Let’s face it – Nobody wants to be injured.
So what if I told you that there was a simple way to reduce your chances of getting injured? Well there is and it’s simple. Train 1 Leg or 1 Arm at a time. Sounds too easy right? Let me explain…..
Injuries can occur for a variety of reasons – failing to include a proper warm up and stretch into you routine, pushing a load past your limits or overtraining are just a few. One source of injury that is often overlooked is from muscular imbalances in the body. Continued stress to the body (your workouts) will cause your muscles to adapt to the workload and over time imbalances will occur, especially with a consistent workout program. With this, a plateau in progress is not uncommon or even worse an injury can occur. Incorporating a multitude of unilateral (single side) dumbbell or kettle bell movements can help reduce the onset of injury by correcting the imbalances that occur in our bodies after following a rigid training routine.
On a personal note, I had struggled with chronic pain in one knee that lasted close to 6 months. This pain may have been a form of Patellofemoral pain syndrome (PFPS) and was likely a result from a muscular imbalance in my legs. This imbalance was the result of following the same squatting patterns for a period time without implementing much variation. Following some homework I began a unilateral strength program that involved balance work and the consistent use of single-leg dumbbell and kettle bell movements. Additionally, I implemented a strict mobility program targeting the troublesome areas and after a short time the pain was gone and has yet to return.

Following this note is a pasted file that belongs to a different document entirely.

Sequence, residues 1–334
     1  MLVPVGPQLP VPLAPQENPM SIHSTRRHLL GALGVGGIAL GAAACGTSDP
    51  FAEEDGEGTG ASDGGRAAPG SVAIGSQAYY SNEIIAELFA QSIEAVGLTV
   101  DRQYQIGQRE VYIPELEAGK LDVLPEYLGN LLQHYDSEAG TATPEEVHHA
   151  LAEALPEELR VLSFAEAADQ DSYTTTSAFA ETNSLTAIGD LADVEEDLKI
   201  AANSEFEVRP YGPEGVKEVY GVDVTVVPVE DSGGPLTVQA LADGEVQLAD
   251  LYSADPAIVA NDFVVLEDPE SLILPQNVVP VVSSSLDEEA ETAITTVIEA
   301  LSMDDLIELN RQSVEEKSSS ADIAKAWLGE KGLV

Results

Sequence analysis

To this day, I make every effort to commit to such a program that will target the smaller, stabilizing muscles that are the most susceptible to injury but tend to get overlooked. I have included a list of the movements that I used in my training routine that I feel made the greatest impact for reducing the chance of injury.
– Single Arm Clean and Press (DB or KB)
– Single Leg RDL or Good mornings (PVC pipe)
– RFE Squats (DB)
– Single Leg Squat
– Walking Lunge (Single KB)
– Backward Sled Pull
I have included the following article, which goes into more detail:
Dan Perry NSCA-CPT
OB Training and Sports Performance